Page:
As I met with some of the key players on the team more and more, some themes started emerging. First, they objected that their quality was not as bad as people were saying. I responded by saying, “Oh yeah, how do you prove that?” No answer. Then, as I learned more about how Agile development worked, I noticed that they were skipping a major step in their coding process, refactoring. I asked them why that was happening. They replied that the business wouldn’t let them do it and that nobody was listening to them. Their stakeholders also said that the team was like a black box. Nobody knew what was going on way off in Russia. I asked them how they communicated proactively and effectively. No answer. Many of these little insights started building into a clear pattern of dysfunction. Out of these discussions, I came up with three major plans of attack:
- To combat the accusations of producing poor quality code, publish code quality metrics that are agreed upon amongst stakeholders. Create an aggressive goal and report out on performance every week.
- To recover from skipping parts of their coding process, put together a proposal to rearrange the development schedule so that they could go back and refactor their code that kept getting worse and worse.
- To deal with proactive communication, create carefully crafted and timed presentations to key stakeholders to explain how the Russian team does their work, how Agile development processes contribute to their effectiveness, and how they plan to address problems.
For number 1, I told the team to go into a room without me and discuss in Russian what metrics and goals they could use to show whether they were doing a good job. I put it in their own terms. How would YOU measure yourselves? If you choose some ways to measure yourselves, what is a good number and what is a bad number? Can you automate these metrics so they are easy to report regularly and consistently? With some reluctance, they agreed to take on the task and spent a large chunk of a day figuring it out. They came back to me with several specific metrics: They were:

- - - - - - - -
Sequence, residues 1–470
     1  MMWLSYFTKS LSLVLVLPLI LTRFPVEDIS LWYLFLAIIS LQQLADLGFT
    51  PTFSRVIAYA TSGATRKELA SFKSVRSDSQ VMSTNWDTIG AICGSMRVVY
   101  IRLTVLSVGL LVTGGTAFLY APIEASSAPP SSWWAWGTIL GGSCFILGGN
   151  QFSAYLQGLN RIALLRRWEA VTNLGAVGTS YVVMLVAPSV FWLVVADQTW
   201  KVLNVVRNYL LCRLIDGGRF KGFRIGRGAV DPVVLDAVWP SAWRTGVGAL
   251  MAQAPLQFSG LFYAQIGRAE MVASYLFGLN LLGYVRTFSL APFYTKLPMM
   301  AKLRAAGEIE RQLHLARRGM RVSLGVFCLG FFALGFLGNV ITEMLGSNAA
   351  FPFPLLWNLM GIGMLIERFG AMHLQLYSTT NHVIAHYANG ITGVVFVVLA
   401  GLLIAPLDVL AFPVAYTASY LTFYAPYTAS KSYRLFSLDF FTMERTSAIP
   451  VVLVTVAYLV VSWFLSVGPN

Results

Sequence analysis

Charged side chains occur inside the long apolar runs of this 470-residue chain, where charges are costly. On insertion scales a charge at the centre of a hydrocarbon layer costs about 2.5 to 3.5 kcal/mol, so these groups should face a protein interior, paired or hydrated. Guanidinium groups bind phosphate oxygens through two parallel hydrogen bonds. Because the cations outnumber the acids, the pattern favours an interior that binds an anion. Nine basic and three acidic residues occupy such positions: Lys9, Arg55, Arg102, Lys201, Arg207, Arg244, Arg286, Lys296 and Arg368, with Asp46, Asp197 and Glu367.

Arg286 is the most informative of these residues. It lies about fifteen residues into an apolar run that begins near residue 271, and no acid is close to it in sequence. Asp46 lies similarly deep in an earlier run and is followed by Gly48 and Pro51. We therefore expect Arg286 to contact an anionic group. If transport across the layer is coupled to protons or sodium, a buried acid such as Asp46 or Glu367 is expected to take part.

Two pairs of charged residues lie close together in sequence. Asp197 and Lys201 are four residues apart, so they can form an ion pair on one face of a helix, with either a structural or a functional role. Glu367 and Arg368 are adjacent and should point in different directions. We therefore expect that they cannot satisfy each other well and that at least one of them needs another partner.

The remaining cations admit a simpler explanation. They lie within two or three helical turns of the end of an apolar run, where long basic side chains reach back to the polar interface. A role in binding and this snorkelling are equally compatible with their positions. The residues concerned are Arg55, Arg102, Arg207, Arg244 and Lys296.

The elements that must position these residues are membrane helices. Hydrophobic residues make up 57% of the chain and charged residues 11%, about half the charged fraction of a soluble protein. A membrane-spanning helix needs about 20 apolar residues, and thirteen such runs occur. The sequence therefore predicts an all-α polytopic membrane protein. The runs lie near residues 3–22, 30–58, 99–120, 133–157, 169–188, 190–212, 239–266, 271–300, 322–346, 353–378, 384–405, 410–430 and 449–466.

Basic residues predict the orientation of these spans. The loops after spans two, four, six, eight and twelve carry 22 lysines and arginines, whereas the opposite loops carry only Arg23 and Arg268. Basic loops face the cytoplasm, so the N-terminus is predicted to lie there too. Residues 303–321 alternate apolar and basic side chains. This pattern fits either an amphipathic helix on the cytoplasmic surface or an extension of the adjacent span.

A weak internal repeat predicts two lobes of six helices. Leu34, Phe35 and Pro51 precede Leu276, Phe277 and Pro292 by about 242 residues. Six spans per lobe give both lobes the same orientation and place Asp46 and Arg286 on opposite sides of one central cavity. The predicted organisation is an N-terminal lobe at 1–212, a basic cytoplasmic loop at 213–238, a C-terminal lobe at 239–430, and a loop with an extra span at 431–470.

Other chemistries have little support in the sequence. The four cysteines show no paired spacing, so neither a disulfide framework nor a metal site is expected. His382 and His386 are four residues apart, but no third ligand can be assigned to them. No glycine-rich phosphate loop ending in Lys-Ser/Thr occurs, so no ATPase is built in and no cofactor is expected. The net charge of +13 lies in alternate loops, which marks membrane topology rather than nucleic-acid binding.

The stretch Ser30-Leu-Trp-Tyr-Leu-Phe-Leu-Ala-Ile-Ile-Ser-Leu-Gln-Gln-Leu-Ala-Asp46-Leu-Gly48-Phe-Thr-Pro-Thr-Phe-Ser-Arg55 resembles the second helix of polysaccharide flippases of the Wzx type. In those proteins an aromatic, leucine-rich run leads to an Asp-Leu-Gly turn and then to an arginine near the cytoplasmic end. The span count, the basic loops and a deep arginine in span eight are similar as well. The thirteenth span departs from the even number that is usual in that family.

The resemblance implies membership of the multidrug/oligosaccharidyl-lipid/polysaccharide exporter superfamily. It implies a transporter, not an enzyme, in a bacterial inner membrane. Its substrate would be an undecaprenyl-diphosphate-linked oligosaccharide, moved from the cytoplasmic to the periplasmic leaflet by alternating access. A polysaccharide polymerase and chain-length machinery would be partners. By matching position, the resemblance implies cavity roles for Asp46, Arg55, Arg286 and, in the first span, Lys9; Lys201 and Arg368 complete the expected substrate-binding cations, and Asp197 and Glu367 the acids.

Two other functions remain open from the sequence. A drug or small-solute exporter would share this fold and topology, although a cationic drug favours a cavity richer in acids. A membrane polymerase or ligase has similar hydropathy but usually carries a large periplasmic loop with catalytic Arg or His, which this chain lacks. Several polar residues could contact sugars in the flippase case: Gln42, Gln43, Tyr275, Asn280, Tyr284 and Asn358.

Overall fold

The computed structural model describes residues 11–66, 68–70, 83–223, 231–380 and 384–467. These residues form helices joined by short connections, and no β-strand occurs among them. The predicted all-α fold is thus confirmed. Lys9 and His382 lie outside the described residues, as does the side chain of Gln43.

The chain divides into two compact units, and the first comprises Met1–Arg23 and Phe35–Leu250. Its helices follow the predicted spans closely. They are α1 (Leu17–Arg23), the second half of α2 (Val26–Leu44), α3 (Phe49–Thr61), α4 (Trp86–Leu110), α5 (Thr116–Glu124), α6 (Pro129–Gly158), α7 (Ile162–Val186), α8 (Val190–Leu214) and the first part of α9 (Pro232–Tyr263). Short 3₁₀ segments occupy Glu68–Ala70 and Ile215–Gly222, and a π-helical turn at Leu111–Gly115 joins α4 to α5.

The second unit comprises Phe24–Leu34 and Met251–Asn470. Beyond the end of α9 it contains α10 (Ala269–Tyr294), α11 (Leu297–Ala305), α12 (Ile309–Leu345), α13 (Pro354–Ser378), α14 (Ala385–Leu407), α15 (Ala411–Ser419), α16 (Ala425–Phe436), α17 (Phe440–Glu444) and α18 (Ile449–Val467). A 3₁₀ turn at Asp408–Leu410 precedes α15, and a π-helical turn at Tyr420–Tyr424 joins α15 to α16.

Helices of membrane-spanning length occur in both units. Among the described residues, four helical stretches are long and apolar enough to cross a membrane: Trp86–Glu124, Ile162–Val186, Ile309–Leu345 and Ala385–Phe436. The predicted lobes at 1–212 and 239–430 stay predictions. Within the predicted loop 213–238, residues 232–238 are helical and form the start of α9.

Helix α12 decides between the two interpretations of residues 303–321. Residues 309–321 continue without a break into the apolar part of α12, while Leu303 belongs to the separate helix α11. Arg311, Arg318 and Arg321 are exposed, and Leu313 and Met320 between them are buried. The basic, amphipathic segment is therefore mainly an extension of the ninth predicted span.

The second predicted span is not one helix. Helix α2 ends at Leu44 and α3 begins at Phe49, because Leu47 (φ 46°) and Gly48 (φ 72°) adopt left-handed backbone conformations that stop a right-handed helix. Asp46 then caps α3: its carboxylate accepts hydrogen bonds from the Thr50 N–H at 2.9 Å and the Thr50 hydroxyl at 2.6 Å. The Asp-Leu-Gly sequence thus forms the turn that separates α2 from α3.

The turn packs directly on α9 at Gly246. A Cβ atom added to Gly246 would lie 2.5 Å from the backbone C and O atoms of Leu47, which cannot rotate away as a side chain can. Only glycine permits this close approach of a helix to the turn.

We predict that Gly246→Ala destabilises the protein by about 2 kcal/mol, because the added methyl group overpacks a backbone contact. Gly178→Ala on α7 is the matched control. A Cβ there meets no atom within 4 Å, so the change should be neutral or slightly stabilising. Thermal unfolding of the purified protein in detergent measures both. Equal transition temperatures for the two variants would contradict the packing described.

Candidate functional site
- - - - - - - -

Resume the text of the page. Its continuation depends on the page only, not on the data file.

- Code complexity – a way to determine whether lines of code were written efficiently. (Apparently there is a way a software tool could read the code and determine this. Don’t ask me how, but it worked well. Code complexity should not exceed __%. (can’t remember the number)
- Code coverage – all code should be written with tests proving that the code works every time. (called unit testing). Needed to exceed 90%.
- Defect rate – after a release, there must be a very low rate of bugs in the product during the first 90 days of use. (can’t remember the number)
I took these numbers to our stakeholders and got agreement that these were appropriate ways to measure quality. If they met these goals, suspicion of quality problems would decline. We got our development tools to report these out daily and found out that we were significantly below goal in all of them. We opened our kimonos and showed where we were at the time. The honesty actually helped our cause more than hiding the data. Our stakeholders could see where some work could be done to improve. Week after week, we reported our numbers out and each time, they improved. Our hard evidence quickly began to fight off the negative subjective opinions and the hysteria began to cool off.
Number 2 was a hair raiser. The business sponsor only wanted more features added to the tool and only seemed to want to work harder, not smarter. He was well respected in his own circles, but considered to be a jerk to many on our side of the fence. My proposal was to stop building new features for an entire quarter so that we could clean up our code and do some redesign to make the code more stable and easier to update. To our business sponsor, this was a complete anathema. I was in a sticky situation since I was new to software development and feared I would lose my nerve as the two sides clashed. I managed to talk to enough stakeholders to get support for my idea and we were able to press the sponsor hard enough to get him to agree. Once the decision was made, I put all our best people on the job to rip through every jot and tittle of code to fix what ailed us. They spent three months on it and I could see that some remarkable results were coming out of it. Once we announced we were done and we were back to building features, we had to prove that we were moving faster with higher quality. Within a short time, it became very obvious that we achieved this. I still remember the conversation I had with the business sponsor after having so many battles with him. He said, “Ok, ok, I drank the kool-aid. I get it. You were right.” After that, we cruised and released one hell of a great software product. Intel’s CEO was even getting regular updates on its status. Eventually, he (Paul Otellini) visited Russia, met our team, and viewed our product demo and work methodology. As a result of our efforts, we completely changed the way Intel delivered product to our customers worldwide. I was extremely pleased.